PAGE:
The Workers’ Bowl* is two weeks away and we’re surrounded by reminders that funding for our leadership development programs is crucial. Beatriz, a Workers’ Action Centre member, is a graduate of our Feet on the Ground organizer training program. Ahead of the Day of the Dead Celebration, Beatriz took some time to talk with us about how our educational programs have helped her through rough times and empowered her to support others in her community.
Workers’ Action Centre: What workplace experiences led you to become a member?
I was working as an admin assistant in an electrical company. I had a bad boss who didn’t pay me for all the hours of my work. He’d say it was because of the quality of my work or that there was not a lot of work to do during my shift. Whenever something went wrong, he’d say it was my fault because I didn’t understand the instructions or because of my English. Not only did he discriminate against me because of my accent, but he also sexually harassed me, making comments about Latin women and asking uncomfortable questions.
I came here as an international student. We pay three times more than Canadian students so, if I had quit my job, I would have become homeless. Staying at that job was the only way to pay my bills, but I suffered for it. I was limited to 20 work hours a week but sometimes I was forced to work longer. He refused to pay me for the extra hours, claiming that I’d be in trouble.
That’s why I came to WAC to get some advice and learn my labour rights. So I called him and told him, “I know my rights. I won’t come to work at this horrible place. If you don’t pay me, I will file a claim.” I got back maybe 70% of my unpaid wages and tried to move past this experience with support from WAC and counselling from another non-profit.
I decided to join the Workers’ Action Centre because I knew many of my friends and classmates were going through the same thing. I started volunteering and helping my classmates when they had problems at work. When you’re a newcomer, you don’t know that temporary status doesn’t mean you don’t have rights. Everyone deserves to be treated with dignity and justice. We need to know we are not alone.
Why is it important for workers to have opportunities like the Feet on the Ground program to learn about their rights?
We are facing lots of different challenges right now like no salary increase, housing costs rising, mental health issues, and more. It’s important to develop different skills so that we can take action to build a better world for everyone. A world where we can live with justice and dignity. I’m a Mexican woman, a migrant. We need to occupy the places we’ve been denied for so long just because we weren’t born here and don’t have permanent status. Since we arrived, we’ve been contributing to this economy. To have my voice out there saying that international students have rights and deserve dignity is everything to me.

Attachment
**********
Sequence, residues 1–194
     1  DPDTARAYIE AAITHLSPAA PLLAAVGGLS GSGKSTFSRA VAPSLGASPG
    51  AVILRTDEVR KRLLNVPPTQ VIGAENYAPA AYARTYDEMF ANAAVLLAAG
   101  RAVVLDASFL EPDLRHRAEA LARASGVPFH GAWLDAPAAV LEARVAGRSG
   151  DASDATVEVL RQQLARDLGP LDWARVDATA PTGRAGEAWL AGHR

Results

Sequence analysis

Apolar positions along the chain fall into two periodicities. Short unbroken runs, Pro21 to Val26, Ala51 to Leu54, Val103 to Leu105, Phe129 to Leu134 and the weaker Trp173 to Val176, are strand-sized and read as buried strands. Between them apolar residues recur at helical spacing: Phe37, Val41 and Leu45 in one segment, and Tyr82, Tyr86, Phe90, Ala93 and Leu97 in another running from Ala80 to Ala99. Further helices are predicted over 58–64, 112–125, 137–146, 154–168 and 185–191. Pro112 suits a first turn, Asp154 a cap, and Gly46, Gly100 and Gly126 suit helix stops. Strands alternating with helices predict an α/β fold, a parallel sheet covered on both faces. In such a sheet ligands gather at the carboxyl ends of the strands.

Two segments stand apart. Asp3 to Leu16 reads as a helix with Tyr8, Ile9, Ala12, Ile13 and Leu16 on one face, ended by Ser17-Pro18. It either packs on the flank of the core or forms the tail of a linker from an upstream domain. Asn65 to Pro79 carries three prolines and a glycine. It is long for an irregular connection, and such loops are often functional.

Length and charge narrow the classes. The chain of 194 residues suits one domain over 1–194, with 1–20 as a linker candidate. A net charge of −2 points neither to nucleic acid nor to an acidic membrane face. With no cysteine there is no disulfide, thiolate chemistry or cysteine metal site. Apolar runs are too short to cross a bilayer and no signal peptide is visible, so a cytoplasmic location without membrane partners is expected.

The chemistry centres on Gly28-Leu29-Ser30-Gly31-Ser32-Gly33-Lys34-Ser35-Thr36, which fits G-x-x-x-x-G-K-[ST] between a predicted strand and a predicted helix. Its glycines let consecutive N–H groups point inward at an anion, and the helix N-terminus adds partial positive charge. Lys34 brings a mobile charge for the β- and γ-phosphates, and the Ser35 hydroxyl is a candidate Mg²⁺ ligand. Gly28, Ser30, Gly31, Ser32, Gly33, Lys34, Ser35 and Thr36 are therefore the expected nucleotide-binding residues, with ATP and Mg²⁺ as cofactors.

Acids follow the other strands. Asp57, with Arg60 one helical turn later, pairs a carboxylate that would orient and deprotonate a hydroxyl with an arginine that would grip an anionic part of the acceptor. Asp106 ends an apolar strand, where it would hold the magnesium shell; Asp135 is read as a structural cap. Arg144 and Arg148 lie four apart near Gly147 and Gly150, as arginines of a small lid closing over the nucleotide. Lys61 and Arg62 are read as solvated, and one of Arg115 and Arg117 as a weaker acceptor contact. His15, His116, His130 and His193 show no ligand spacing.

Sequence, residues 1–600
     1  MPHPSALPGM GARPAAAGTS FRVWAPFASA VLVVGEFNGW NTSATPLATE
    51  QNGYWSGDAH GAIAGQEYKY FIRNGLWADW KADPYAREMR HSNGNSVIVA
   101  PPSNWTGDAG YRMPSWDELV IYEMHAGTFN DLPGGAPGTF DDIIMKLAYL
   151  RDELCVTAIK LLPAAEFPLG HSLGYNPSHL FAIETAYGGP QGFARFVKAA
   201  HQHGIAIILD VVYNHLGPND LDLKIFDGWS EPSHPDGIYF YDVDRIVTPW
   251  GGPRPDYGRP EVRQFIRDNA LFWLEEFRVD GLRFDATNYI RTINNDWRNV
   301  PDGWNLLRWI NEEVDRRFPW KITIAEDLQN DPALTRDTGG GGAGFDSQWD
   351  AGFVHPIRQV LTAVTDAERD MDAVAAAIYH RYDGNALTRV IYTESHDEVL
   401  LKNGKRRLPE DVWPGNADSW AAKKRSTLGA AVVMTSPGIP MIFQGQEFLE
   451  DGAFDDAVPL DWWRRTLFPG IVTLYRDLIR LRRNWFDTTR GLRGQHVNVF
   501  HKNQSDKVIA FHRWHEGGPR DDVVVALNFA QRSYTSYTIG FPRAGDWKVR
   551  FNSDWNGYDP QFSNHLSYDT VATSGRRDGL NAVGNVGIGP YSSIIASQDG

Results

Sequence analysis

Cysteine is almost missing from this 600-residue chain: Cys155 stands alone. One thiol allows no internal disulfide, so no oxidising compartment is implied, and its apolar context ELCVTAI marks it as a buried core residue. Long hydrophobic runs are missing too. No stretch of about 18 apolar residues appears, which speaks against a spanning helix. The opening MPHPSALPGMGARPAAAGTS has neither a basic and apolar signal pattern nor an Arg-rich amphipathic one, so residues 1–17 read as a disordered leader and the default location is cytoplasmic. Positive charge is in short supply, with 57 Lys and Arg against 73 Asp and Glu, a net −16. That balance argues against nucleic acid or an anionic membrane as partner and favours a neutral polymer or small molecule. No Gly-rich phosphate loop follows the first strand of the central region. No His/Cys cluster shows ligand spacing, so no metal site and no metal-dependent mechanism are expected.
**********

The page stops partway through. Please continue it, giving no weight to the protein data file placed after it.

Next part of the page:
What strategies did you learn from the Feet on the Ground program that helped you support your community?
One of the most important strategies to me is outreach. It’s so important because sometimes international students and other migrant workers are struggling on the job but don’t know there’s a place to go to get guidance. Just letting people know that we’re fighting for justice for workers is significant because that way we get more worker leaders in the movement. Alone, this work is difficult. But making the movement stronger with more workers helps make change come faster, whether it’s forcing bad bosses to pay us properly or letting them know that harassment won’t be tolerated. Facilitation of workshops is another skill I’ve learned. We can teach others that they have rights. To educate workers in my community is one of the main strategies that I learned in Feet on the Ground. A third strategy is making community, creating strong links with others. Migrants come here and are isolated. But once you have a space to share experiences, you start making a sense of community and a sense that we have the power to change our work situations for the better.
Beatriz and many other Latinx leaders are successfully finding creative ways to reach workers in their community and beyond. Will you help us continue educational programs that support workers like Beatriz to become community leaders? Please contribute to the Workers’ Bowl today. Any amount is appreciated and tax receipts are available for donations of $10 or more.
*The Workers’ Bowl is a joint fundraiser between the Workers’ Action Centre and the Ontario Employment Education & Research Centre (OEERC), which supports community leadership development. All donations to the Workers’ Bowl will go to the OEERC Education and Leadership Fund for Workers in Precarious Employment to create collaborative community leadership development and educational projects with the Workers’ Action Centre.